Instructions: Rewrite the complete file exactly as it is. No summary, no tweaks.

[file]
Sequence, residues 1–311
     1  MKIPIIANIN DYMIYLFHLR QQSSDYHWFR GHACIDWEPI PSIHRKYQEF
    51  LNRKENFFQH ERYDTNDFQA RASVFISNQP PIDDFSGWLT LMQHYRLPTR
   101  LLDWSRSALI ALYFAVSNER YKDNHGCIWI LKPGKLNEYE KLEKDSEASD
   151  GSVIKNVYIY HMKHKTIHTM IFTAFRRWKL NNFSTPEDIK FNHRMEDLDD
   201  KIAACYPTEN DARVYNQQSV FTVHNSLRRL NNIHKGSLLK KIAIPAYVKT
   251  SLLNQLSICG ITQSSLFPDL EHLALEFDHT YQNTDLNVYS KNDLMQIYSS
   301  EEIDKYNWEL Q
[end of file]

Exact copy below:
Sequence, residues 1–311
     1  MKIPIIANIN DYMIYLFHLR QQSSDYHWFR GHACIDWEPI PSIHRKYQEF
    51  LNRKENFFQH ERYDTNDFQA RASVFISNQP PIDDFSGWLT LMQHYRLPTR
   101  LLDWSRSALI ALYFAVSNER YKDNHGCIWI LKPGKLNEYE KLEKDSEASD
   151  GSVIKNVYIY HMKHKTIHTM IFTAFRRWKL NNFSTPEDIK FNHRMEDLDD
   201  KIAACYPTEN DARVYNQQSV FTVHNSLRRL NNIHKGSLLK KIAIPAYVKT
   251  SLLNQLSICG ITQSSLFPDL EHLALEFDHT YQNTDLNVYS KNDLMQIYSS
   301  EEIDKYNWEL Q